Phase 1 respondents were invited to participate in a follow-up telephone interview, of which 114 survey respondents expressed interest. Ten participants across Canada were randomly selected for the interviews while the remainder were invited to complete a paper-based version featuring identical questions. Two researchers facilitated the sessions using a structured interview guide (Additional file 1) that was pilot tested for clarity with patients from an allergy clinic at McMaster University. Each interview lasted 30–40 minutes and consisted of open-ended questions about participants’ experiences with their child’s first food related reaction. Interviews were audiotaped and transcribed verbatim. Qualitative analyses were guided by the constant comparative method of grounded theory methodology . Grounded theory is a method of systematically analyzing qualitative data using codes and categories allowing researchers to generate theories based on their data. This methodology is very useful in facilitating the understanding of a phenomenon that has not previously been studied (i.e., how parents or caregivers of children with a first episode food allergy perceive their follow-up visit and their expectations of what should happen), and it enables the exploration of the ways in which the “reality” of the follow-up visit is socially constructed . Data was coded from transcripts using a process of open, axial and selecting coding using NVivo 9 software (QSR International, 2011). Two investigators independently developed a coding scheme by identifying, classifying and labeling the primary content patterns and then identified themes.
Phase 1: survey
Of 293 people who accessed the survey, 208 participants (71%) were eligible (newly diagnosed) and 184 participants (63%) consented and completed the survey. Seventy-one percent of the respondents were residents of the province of Ontario; the remainder were from 8 other provinces across Canada. The mean age of the participants’ children was 3.5 years (range 1 month to 17 years). The top four food allergens were peanut (46%), tree nuts (17%), milk (13%), and egg (8%).
First encounter with a health care professional
At the time of the first food reaction, 51% of participants took their children to the ED, while the remainder went to family physicians (21%), pediatricians (7%), walk-in clinics (5%), allergists (1%), and nurse practitioners (1.3%). Twenty-one participants (11%) did not take their child to any health care professional. Sixty-two percent of respondents were given the diagnosis of food allergy at the first encounter, of which 43% received information about epinephrine auto-injectors. First prescription for an epinephrine auto-injector was provided by ED physicians (35%), family physicians (21%), paediatricians (6%), and walk-in clinics (1%). The remainder of participants (37%) were given a prescription at the appointment with the allergist. EpiPen® was the most commonly recommended auto-injector (88%). Participants received instruction on how to use an auto-injector from allergists (59%), pharmacists (28%), nurses (13%), or ED physicians (8%); while 10% of participants were self-taught.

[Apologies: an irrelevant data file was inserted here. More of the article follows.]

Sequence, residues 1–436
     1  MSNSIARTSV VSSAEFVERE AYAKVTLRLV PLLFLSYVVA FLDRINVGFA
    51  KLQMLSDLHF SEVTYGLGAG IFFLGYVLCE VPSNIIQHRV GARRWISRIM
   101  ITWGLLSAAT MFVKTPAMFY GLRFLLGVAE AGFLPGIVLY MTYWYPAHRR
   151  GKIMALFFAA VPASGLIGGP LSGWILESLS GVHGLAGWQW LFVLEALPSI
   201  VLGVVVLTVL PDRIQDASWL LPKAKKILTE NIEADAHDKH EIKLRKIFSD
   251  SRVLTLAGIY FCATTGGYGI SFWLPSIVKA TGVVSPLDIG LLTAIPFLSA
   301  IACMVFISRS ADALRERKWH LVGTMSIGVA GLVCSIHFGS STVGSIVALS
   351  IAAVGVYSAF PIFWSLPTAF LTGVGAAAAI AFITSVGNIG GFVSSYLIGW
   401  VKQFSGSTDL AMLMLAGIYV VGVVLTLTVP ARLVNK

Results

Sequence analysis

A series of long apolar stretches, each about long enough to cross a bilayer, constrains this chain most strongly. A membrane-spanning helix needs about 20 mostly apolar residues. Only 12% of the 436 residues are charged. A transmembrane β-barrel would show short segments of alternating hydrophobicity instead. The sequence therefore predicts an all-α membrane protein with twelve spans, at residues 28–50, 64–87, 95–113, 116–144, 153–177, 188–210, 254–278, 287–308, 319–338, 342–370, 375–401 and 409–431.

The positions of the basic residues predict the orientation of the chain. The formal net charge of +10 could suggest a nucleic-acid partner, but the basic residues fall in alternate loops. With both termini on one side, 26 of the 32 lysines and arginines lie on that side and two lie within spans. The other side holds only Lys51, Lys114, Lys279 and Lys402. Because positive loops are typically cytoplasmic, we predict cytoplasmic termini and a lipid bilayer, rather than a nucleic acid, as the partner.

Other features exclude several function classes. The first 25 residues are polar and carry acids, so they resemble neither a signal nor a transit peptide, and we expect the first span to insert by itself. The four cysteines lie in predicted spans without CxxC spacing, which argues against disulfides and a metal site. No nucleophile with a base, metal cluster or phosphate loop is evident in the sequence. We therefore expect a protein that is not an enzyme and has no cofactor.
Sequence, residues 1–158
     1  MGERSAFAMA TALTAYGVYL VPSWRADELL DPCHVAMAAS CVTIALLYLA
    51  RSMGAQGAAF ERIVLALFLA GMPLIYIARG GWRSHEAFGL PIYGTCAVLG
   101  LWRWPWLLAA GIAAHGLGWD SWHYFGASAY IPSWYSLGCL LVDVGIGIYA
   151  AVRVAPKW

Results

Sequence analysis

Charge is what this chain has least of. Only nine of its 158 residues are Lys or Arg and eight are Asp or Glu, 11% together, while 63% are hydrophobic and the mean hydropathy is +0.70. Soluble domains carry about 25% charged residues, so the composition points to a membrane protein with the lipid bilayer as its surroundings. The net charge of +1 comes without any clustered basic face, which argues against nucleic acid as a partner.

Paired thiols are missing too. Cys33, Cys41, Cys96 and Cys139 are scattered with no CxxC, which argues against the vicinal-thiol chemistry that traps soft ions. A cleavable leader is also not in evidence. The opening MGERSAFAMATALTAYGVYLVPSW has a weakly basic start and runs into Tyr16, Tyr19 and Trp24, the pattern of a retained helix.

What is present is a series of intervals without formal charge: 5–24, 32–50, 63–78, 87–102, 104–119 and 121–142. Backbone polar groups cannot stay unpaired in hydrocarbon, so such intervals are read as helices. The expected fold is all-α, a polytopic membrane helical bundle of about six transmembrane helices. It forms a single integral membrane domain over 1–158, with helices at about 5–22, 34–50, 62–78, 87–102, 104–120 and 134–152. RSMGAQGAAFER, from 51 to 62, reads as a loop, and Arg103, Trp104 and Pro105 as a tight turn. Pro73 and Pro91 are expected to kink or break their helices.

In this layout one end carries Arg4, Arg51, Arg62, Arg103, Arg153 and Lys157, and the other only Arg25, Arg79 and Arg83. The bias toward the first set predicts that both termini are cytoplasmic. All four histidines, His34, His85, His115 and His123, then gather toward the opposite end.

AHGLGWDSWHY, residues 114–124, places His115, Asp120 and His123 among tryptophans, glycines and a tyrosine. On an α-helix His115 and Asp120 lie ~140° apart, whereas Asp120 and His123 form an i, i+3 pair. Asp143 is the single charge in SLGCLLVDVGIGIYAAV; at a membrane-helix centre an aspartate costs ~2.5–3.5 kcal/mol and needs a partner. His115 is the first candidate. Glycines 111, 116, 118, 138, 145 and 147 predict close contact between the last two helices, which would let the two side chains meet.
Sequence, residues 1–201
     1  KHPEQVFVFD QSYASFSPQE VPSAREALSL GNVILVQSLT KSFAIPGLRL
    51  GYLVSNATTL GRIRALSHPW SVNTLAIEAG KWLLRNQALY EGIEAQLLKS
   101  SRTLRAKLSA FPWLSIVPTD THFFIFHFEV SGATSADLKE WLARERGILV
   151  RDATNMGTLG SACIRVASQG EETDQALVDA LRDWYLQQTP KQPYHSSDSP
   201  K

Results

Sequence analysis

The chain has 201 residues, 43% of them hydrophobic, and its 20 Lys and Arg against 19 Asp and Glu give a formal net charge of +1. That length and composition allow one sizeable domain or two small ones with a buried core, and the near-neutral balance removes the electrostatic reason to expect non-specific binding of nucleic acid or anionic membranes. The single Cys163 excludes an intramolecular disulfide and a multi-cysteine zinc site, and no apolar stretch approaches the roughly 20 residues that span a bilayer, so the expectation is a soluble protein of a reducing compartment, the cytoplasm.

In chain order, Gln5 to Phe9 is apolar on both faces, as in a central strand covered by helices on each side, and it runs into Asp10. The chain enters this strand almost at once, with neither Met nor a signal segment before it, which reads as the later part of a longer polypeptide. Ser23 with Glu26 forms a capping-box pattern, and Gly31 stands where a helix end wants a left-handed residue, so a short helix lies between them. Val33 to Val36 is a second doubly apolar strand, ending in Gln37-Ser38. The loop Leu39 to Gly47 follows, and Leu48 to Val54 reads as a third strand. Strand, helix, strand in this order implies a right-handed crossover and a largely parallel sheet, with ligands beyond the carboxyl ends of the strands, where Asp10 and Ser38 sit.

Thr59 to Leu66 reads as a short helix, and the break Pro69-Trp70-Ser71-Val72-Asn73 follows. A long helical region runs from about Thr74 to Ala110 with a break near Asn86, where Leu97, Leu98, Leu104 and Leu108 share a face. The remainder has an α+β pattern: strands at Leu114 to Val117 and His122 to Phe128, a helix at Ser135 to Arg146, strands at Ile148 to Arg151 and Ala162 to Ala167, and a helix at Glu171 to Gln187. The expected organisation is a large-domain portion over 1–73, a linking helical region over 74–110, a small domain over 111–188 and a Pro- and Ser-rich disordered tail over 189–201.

Provision of information and education
At the first reaction, participants received information on allergen avoidance (67%), symptom recognition (51%) and treatment of a reaction (49%). Most information was delivered in the form of reading materials (46%). Nearly one quarter of respondents (23%) did not receive any information at the first encounter. Other take-home resources included referral to allergy organizations (28%), auto-injector websites (21%), auto-injector training devices (46%), and auto-injector video demonstrations (27%). Allergists were cited as the main provider of resources and information on the management of allergy and anaphylaxis. When asked about the desirability of an educational program after a first reaction, 85% of respondents were interested, and suggested topics such as recognizing an allergic reaction, treating an allergic reaction, teaching others about food allergy, reading food labels, and coping with anxiety. Their preferred method of receiving this information was reading materials and online resources.
Referrals and allergy testing
The most common specialist referral by ED physicians and family physicians was to an allergist (77%); followed by pediatricians (25%). Of 142 patients who were referred, 41% received a food allergy diagnosis from the allergist, 13% from the pediatrician, and 11% from the family physician. Most participants (89%) were able to see an allergist within six months; 60% were seen within 2 months. Of 124 participants who received allergy testing, most received a skin prick test (93%), followed by food specific serum IgE (28%) and oral food challenge (5%).
Experience of the first reaction
Most participants (84%) recalled being anxious to extremely anxious at the time of first diagnosis. At each step of the care received, many participants (62%) felt that they did not receive enough information about food allergy and anaphylaxis management, epinephrine auto-injectors, and coping strategies. As a consequence of their child’s reaction to food, participants avoided eating out at restaurants (85%), restricted their child’s activities with other children (61%), avoided travel (49%), reduced their work hours (13%), or quit their job in response to the diagnosis (11%). Other lifestyle changes included moving their child to another school or daycare, moving to a different neighbourhood or home schooling their child. Many families reported high levels of anxiety regarding the recognition and management of allergic reactions and anaphylaxis, even though the average score for their level of confidence on these topics was above 2.5 on a 4-point scale (0 being no confidence and 4 being very confident).